Where To Invest In Stocks

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There are a lot of options when it comes to purchasing stocks.  Here are some of the most popular ones:

Full-Service Or Discount Broker

Since the beginning of the stock market, brokers have been the ones to facilitate the buying and selling of stocks.  Today, most modern brokers conduct nearly all of their business electronically while providing a wealth of stock metrics and guidance to their customers. 

Most brokers can be broken up into two main categories:

Classically, you pay a broker a commission or “fee” every time you trade a stock.  However, many of them have now offer commission-free trades.


If you’re feeling anxious about trying to pick your own stocks to invest in, don’t.  You can let someone else do it for you!

Robo-advisors have become a favorite among novice investors because of their simplicity and ease of use.  Some of the top choices are services like Betterment, Wealthfront, and M1 Finance.

Retirement Funds

If you’d like to invest in stocks and not have to pay any taxes on the capital gains and dividends for years to come, then why not use your retirement plans and invest in retirement at the same time?

For example, you could set up an IRA (individual retirement account) with any financial service provider of your choice (such as a broker or robo-advisor) and buy individual stocks as part of your retirement nest egg.

When it comes to your 401(k), depending on the financial provider your plan is through, you may also be able to purchase individual stocks through your plan.

Note that when saving for retirement, to get these tax benefits, you have to wait until age 59-1/2 before you can start making any withdrawals.  Otherwise, you’ll have to pay income taxes and a 10 percent penalty.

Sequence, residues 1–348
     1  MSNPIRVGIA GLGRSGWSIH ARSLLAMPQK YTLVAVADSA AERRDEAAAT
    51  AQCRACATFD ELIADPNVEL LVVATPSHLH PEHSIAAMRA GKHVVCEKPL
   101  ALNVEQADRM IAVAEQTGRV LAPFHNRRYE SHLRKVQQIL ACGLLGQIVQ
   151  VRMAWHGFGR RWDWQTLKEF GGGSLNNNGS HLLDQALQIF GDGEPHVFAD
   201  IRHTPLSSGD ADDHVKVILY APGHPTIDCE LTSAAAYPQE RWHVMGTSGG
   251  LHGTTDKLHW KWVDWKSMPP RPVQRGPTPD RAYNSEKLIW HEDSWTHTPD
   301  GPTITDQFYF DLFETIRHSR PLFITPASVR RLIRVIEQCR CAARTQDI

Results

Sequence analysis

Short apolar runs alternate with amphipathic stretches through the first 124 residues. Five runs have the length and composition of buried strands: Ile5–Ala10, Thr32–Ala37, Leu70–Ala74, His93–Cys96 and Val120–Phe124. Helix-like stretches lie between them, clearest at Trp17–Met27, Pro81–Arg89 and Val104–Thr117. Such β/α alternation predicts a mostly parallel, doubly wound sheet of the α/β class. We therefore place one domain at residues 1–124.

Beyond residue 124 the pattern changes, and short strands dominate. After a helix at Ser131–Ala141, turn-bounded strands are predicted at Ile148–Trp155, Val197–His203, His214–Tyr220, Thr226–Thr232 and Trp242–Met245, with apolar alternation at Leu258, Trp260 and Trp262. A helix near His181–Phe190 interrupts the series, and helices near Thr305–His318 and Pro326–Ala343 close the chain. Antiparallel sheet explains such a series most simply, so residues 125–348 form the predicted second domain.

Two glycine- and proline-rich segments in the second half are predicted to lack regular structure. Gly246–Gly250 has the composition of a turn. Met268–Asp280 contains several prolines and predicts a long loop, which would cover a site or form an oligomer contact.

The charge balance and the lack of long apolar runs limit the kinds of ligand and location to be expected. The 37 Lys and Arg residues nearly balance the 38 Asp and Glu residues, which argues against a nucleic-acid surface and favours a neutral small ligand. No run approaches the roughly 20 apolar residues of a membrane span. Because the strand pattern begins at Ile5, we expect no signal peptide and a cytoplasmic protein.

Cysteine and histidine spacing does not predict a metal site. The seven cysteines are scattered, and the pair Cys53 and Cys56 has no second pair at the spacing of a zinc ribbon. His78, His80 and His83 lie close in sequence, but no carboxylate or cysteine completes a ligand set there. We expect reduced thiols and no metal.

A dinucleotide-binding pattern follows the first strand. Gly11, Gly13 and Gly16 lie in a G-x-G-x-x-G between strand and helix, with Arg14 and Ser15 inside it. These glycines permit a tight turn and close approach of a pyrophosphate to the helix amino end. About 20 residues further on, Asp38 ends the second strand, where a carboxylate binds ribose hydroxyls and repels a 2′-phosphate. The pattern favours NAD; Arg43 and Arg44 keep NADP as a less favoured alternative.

Other Ways To Invest In Stocks

For almost a century, investors have been developing creative ways to invest in stocks without having to buy them individually.  Today, there are many types of financial products that can help you accomplish this:

Mutual Funds

Mutual funds are pooled collections of assets such as combinations of stocks and bonds.  Through simply purchasing shares of mutual funds, you can invest in several hundred companies all at once.

ETFs (Exchange-Traded Funds)

ETFs are financial products which are similar to mutual funds (pooled collections of assets such as stocks and bonds).  However, they are traded on the open market so they are free to fluctuate in value (similar to stock prices).

Index Funds

If picking individual stocks seems too complex, then why not buy the whole market?

Today, most investors can do this by buying something called an “index fund”.  An index fund is simply a financial asset (usually a mutual fund or ETF) that contains all of the same holdings as a major market benchmark, such as the S&P 500 stock index

Investing in index funds has become a very popular way for everyone from beginners to professionals to capture the average return of the stock market by making one simple purchase.  In fact, even world-famous stock picker Warren Buffett says that most people would be better off buying an index fund rather than trying to pick their own investments

Currently, the long-term average return of the S&P 500 index is 10 percent.  

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DJ Whiteside

DJ Whiteside is a financial enthusiast who believes in helping other people to achieve financial independence. He’s constantly looking for practical ways to optimize savings, reduce spending, and create a lifetime of passive income. DJ holds an MBA from the University of Michigan, which allows him to take an analytical approach to financial topics. He has been a financial writer since 2011 and has self-published 5 personal finance eBooks relating to saving, retirement, and financial independence.